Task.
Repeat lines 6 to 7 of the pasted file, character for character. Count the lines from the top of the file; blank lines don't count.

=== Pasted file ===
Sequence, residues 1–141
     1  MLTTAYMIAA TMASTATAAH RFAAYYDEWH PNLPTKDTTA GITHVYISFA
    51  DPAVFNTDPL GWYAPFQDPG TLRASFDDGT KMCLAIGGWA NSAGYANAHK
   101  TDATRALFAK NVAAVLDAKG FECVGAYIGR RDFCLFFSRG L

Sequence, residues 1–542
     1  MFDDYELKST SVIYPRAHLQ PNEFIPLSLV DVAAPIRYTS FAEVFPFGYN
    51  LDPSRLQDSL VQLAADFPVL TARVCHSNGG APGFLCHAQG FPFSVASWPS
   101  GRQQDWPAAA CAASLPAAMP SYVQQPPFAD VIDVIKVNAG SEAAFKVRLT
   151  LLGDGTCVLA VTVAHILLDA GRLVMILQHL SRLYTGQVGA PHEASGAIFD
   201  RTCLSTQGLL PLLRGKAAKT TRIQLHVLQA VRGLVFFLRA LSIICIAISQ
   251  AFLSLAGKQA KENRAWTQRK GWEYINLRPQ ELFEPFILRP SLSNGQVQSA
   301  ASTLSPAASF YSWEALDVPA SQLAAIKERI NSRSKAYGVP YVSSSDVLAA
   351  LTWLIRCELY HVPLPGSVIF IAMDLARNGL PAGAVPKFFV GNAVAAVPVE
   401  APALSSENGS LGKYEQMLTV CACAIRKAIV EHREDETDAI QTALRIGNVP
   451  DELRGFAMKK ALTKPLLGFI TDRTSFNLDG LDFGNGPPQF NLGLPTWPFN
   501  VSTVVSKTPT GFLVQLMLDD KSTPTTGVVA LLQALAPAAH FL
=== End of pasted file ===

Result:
     1  MFDDYELKST SVIYPRAHLQ PNEFIPLSLV DVAAPIRYTS FAEVFPFGYN
    51  LDPSRLQDSL VQLAADFPVL TARVCHSNGG APGFLCHAQG FPFSVASWPS